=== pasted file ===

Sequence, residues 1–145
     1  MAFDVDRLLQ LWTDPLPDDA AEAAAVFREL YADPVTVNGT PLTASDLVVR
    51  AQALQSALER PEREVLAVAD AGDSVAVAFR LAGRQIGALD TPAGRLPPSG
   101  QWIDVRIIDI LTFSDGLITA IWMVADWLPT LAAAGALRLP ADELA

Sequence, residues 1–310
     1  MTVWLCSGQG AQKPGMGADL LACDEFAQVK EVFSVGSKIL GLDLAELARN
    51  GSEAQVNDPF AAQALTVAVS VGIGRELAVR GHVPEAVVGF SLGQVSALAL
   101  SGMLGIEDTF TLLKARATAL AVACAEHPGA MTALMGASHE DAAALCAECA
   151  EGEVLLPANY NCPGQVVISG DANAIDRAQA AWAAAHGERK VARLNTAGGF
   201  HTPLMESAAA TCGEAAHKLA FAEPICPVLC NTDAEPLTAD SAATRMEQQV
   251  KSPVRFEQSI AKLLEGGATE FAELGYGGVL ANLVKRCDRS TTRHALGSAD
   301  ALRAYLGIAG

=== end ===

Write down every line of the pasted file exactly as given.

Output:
Sequence, residues 1–145
     1  MAFDVDRLLQ LWTDPLPDDA AEAAAVFREL YADPVTVNGT PLTASDLVVR
    51  AQALQSALER PEREVLAVAD AGDSVAVAFR LAGRQIGALD TPAGRLPPSG
   101  QWIDVRIIDI LTFSDGLITA IWMVADWLPT LAAAGALRLP ADELA

Sequence, residues 1–310
     1  MTVWLCSGQG AQKPGMGADL LACDEFAQVK EVFSVGSKIL GLDLAELARN
    51  GSEAQVNDPF AAQALTVAVS VGIGRELAVR GHVPEAVVGF SLGQVSALAL
   101  SGMLGIEDTF TLLKARATAL AVACAEHPGA MTALMGASHE DAAALCAECA
   151  EGEVLLPANY NCPGQVVISG DANAIDRAQA AWAAAHGERK VARLNTAGGF
   201  HTPLMESAAA TCGEAAHKLA FAEPICPVLC NTDAEPLTAD SAATRMEQQV
   251  KSPVRFEQSI AKLLEGGATE FAELGYGGVL ANLVKRCDRS TTRHALGSAD
   301  ALRAYLGIAG